Why, oh Wi-Fi! Troubleshooting Your Wireless Connection at Home
We have all been there: After hours of online searching, you finally discover the man of your dreams on that "legitimate dating website" and start chatting him up, only to have your Internet connection disappear like Brittany Spears' career.
Post-tantrum, consider these five useful tips provided by Geeks on Site CEO and Founder George Otte. With years of experience in computer repair and tech support, Otte may be able to help expedite Cupid's arrow by getting your signal up and running while you keep your cool.
Make sure your modem and router are plugged in correctly and have power.
Start out by making sure the modem/router is plugged in correctly and powered on. Although it may seem that this could not be the problem, you may consider your cat 'Liza with a Z' accidentally brushing up against a power cord or stepping on a fuse breaker. Even an unexpected surge causes a partial power outage. Test different power sockets to verify socket failure.
Make sure your router's wireless feature is working and if not restart it (don't reset it).
The next reason for Wi-Fi failure may be losing the wireless signal. You should try to diagnose if the router is emitting a signal by checking the router's light indicators first. If the lights indicate the connection is lost, restart the device by unplugging it from the wall.
There's a huge difference between restarting a device and resetting a device. Don't reset the device. If you reset the modem/router, you will restore its factory settings and in so doing, delete its configurations. Restarting the device by either unplugging its cord or pressing the restart button will only reboot the device in a manner similar to that of shutting off your computer and turning it back on. If you reset your device you will lose your Internet connection.
Check to see if your wireless feature was disabled.
To see if the problem lies from the source of the connection, you should proceed by plugging the Ethernet cable into the router and the router to your computer. This may mean getting on your hands and knees earlier than anticipated. If you can access the Internet then it's likely your router has lost its configuration but the modem is fine.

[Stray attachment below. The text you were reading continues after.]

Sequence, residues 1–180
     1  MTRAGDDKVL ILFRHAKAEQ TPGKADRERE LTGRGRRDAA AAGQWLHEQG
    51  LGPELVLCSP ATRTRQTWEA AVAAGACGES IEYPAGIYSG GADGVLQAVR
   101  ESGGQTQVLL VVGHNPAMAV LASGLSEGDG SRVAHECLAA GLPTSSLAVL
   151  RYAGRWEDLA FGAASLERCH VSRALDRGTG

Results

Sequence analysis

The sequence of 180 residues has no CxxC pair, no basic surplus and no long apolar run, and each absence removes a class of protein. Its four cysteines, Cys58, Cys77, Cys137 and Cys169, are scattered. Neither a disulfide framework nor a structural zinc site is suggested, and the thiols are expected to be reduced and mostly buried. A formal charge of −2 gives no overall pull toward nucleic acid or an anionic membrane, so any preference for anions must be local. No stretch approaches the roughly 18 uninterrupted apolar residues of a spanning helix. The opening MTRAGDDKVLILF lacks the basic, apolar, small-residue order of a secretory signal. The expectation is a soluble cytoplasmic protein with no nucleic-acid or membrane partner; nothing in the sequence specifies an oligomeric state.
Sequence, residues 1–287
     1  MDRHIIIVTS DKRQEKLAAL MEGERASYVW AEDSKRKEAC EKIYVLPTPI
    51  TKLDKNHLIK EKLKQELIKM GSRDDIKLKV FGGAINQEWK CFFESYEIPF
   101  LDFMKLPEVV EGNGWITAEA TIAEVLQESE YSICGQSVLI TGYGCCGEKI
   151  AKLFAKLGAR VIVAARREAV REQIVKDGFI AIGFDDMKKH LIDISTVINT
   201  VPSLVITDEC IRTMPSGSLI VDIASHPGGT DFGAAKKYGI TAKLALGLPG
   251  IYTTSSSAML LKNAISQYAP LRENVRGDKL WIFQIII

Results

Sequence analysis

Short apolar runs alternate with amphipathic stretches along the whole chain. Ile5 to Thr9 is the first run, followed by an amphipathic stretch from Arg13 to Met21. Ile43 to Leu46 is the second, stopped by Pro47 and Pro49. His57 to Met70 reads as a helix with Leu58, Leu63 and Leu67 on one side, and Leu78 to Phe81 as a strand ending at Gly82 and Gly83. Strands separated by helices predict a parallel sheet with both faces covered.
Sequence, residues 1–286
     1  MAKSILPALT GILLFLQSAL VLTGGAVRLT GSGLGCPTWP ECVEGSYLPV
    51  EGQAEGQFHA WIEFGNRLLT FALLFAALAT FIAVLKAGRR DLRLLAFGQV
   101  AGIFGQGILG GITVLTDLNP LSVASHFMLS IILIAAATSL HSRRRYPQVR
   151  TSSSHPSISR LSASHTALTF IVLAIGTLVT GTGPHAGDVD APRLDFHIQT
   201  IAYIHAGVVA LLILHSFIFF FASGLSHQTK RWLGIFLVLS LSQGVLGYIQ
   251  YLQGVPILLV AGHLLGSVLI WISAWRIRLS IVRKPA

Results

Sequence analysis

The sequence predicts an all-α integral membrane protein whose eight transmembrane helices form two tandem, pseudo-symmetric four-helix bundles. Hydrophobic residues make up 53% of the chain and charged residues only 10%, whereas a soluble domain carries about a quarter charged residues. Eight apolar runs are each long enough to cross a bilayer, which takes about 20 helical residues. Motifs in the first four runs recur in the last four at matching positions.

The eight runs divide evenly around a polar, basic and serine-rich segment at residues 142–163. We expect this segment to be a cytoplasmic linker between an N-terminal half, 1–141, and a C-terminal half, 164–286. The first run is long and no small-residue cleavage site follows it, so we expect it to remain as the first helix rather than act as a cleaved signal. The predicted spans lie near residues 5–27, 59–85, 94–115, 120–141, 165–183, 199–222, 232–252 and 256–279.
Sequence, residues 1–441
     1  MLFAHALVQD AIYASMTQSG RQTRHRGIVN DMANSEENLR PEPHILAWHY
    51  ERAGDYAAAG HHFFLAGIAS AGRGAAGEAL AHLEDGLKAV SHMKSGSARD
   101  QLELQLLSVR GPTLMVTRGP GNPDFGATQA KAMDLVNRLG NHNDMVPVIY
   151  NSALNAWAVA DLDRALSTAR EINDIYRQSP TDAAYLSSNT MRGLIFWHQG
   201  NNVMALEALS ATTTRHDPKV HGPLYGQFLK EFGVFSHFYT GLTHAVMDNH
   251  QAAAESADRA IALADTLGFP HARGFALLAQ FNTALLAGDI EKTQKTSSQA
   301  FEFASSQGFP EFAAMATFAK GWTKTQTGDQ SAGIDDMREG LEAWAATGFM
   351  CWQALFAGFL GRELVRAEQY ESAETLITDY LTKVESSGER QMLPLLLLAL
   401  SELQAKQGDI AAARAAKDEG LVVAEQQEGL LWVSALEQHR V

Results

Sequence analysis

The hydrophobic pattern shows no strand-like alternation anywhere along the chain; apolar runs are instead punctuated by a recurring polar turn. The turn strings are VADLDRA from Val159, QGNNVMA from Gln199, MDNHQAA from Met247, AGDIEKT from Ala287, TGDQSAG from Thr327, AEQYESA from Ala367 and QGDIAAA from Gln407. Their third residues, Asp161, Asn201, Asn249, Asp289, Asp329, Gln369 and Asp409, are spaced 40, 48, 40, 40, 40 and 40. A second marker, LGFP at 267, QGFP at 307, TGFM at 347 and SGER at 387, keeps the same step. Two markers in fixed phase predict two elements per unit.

You can attempt to fix this by typing the standard IP address "192.168.1.1" in your Internet browser's address box. This address should open the router's setup page. This page will likely ask for a user name and password, which you can find printed on a label on your modem/router, or a text somewhere in the modem's box. Once you have entered the page, make sure that the wireless feature is marked as active or on.
Verify there are no devices that may interfere with your Wi-Fi signal. Move potential interfering devices away.
If your wireless feature is marked as active or on and your Wi-Fi still doesn't work correctly, then perhaps the loss of signal can be attributed to a signal interruption. Most routers and modems emit a 2.4GHZ frequency radio signal.
Nobody likes a third wheel (at least at the beginning.) Other devices such as a cordless phone or a microwave oven can cause interference if they have a similar or identical frequency. In these cases it is best that you move these items away from your modem/router.
Make sure your PC is not the problem by using another device to access the wireless connection.
We all like to play the blame game, but sometimes your computer may be the cause of the problem. To verify this, try accessing your Wi-Fi network with another computer, tablet or Smartphone. If one of these can connect to the network, then your computer is definitely the problem. Try rebooting your computer and if that doesn't work you may need to update and/or reinstall your computer's wireless adaptor's drivers.
George Otte is the Founder and President of Geeks on Site computer repair. He has been in the IT industry for over 10 years. A Microsoft Certified Systems Engineer, Mr. Otte quickly developed his own computer repair business at the age of 21. His company is one of the first of its kind to repair computers remotely via the Internet.